How to Make a Wreath, Step by Step

December  4, 2014

Today: We're wreathed in smiles, and here's why.

If you think of wreaths as staunchly holiday-only, we’re here to convince you otherwise. With the right foliage, a wreath can work in any season—consider them a longer-lasting version of a bouquet. They’re a beautiful way to decorate your door (actually, they’re the only way we know how to decorate a door); they can last for months; they’re hands-down the best hostess gift ever; and you can make them at home—even if you don't have hours of spare time or a penchant for crafting.

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We brought in some experts to teach us the technique: the duo behind Franki Elizabeth, a floral design studio in New York. 

More: Or pick up your own citrus wreaths, peony wreaths, magnolia wreaths, boxwood wreaths, or fragrant pod wreaths in our shop.

Onto the wreath you're making—you’ll need the following:

  • Metal wreath form (we used a 12-inch round form here but pick any size you like -- you can find them online and at most craft stores)
  • 22-gauge floral wire, cut into 5-inch strips
  • Floral shears
  • Wire cutter (use something sturdier than your floral shears) 
  • 3 different types of greenery (2 types of evergreen, like juniper or pine, and 1 type of a more delicate greenery like bay leaves, holly, magnolia, herbs, or flowers)
  • Ribbon or twine for hanging

Here's how it's done:

1. Lay out your greens, grouping them by type.

It's a good idea to do this outdoors—or spread out some newspaper indoors. This can be a messy project, and you don't want to be sweeping up holly sprigs for days.

Make 6 bunches of each type of greenery (for a total of 18 bunches). To make each bunch, cut 4 to 5 pieces of the greenery using your floral shears (good, sharp shears will make this task infinitely more easy). The pieces should be about 5 to 7 inches long.

2. Begin attaching the bunches—one by one—to your wire frame.


Tie each bunch on with the 5-inch pieces of wire. Each bunch should overlap with the previous one to cover the stems. Spin the wreath as you add on more bunches, working in a counter-clockwise fashion until you come full circle.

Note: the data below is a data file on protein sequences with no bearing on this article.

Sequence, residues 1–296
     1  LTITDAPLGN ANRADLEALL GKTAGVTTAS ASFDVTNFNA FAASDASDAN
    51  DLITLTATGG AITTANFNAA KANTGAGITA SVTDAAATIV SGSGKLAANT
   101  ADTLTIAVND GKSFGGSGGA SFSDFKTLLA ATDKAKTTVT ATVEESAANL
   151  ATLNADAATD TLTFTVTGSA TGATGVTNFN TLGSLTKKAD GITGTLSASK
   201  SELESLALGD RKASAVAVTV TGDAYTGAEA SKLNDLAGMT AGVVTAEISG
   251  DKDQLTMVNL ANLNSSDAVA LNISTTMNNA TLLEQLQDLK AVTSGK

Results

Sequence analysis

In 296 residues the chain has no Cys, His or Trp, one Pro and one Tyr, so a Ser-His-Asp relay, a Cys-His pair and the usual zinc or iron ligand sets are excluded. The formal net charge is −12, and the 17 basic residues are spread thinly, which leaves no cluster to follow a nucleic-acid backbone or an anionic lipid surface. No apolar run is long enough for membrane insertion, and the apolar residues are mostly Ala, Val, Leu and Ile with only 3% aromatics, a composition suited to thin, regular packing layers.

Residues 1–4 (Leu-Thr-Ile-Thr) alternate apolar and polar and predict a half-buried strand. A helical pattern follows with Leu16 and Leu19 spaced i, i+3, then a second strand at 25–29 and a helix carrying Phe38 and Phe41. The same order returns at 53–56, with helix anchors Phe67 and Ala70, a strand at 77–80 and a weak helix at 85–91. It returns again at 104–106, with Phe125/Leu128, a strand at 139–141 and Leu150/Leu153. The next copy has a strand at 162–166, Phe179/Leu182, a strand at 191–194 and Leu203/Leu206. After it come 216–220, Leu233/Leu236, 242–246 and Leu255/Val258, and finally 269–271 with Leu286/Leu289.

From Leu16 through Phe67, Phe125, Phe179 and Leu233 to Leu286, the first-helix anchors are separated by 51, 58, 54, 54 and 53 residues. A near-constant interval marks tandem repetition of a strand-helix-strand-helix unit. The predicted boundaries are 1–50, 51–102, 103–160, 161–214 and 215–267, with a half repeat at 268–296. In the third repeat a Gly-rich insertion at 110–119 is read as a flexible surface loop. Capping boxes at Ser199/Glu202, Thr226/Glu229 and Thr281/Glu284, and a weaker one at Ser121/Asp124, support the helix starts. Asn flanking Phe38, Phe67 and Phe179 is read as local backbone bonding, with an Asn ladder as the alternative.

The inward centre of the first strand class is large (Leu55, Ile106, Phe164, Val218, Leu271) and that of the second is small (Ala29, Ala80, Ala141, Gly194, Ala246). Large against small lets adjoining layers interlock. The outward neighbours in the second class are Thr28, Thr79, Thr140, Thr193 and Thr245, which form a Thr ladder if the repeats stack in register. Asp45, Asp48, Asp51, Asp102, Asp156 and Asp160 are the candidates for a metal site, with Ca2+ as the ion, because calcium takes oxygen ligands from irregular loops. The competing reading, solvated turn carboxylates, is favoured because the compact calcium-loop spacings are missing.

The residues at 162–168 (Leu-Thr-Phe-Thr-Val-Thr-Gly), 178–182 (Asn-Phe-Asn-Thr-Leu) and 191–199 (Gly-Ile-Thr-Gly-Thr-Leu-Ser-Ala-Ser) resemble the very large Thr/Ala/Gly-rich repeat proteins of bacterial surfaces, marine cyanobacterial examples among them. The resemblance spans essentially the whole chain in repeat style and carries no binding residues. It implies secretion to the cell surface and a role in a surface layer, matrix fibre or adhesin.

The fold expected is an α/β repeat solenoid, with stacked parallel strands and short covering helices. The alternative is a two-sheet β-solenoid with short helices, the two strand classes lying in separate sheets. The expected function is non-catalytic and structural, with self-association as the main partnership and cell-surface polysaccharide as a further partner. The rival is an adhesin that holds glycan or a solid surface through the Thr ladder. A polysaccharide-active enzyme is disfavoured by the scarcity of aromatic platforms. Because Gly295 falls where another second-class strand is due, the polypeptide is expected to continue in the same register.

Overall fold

More: You deserve some eggnog for all this effort.

3. Take a look. 

Once your wreath is complete, check for any gaps and adjust as needed. Depending on how polished you want your wreath to look, prune any excess stems or foliage; the end result should look have nicely landscaped curves around the outside. Hang your completed wreath with ribbon or twine. Keep in mind that a wreath is delicate, so if you're planning to gift yours, make sure it's carefully secured in a box when you transport it.

More: Feeling confident? Get even fancier wreath inspiration from this book.


A few more tips from Franki Elizabeth:

  • If you include flowers, pick a variety that will dry well and hold their shape—a dried wreath can last up to a year, and we're all for longevity when it comes to decorating. Hydrangeas and peonies both work beautifully.
  • Don’t feel confined by this formula! A wreath with a single type of greenery looks just as beautiful as one with three different plants woven together.
  • When you begin layering, pay attention to covering the stems of each bunch. You want the finished wreath to look as full and lush as possible. 
  • For extra credit: Weave eucalyptus or lavender into your wreath to scent a foyer or room. It's prettier and more creative than a scented candle (and lasts longer too!).

Do you have any special holiday craft projects? Tell us in the comments! 

Photos by James Ransom

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  • AntoniaJames
  • Posie (Harwood) Brien
    Posie (Harwood) Brien
  • Dina Moore-Tzouris
    Dina Moore-Tzouris
I like warm homemade bread slathered with fresh raw milk butter, ice cream in all seasons, the smell of garlic in olive oil, and sugar snap peas fresh off the vine.


AntoniaJames December 4, 2014
Very helpful, Posie. I'll be trying my hand at one with local eucalyptus (from the redwood forest near my house, where eucalyptus grows like a weed), prunings from my blueberry bushes (now in pretty shades of deep cherry red) and Meyer Lemon tree, with perhaps some cuttings from the 6' x 30' rosemary cover on the retaining wall above my lap pool. Add winterberries growing locally for color, or perhaps the deep cherry red blossoms on the New Zealand tea trees just starting to bloom in my back yard Also wondering if the profusely growing leaves on the jasmine hedge outside my patio door might also be called into service. Oh, this is going to be fun! Thank you for the tutorial, Posie! ;o)
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Posie (. December 4, 2014
Oh my gosh, that all sounds beautiful! I will say that the eucalyptus wreath we have in our office is really stunning. Good luck! Please send us a photo!!!
Dina M. December 5, 2014
Wow AntoniaJames! That sounds amazing+inspiring! Pines and holly are about all that is growing here in NY right now--well, maybe some herbs that are left in the herb garden. I love wreath making, and this tutorial's organizational steps make great sense for a beautiful finished product!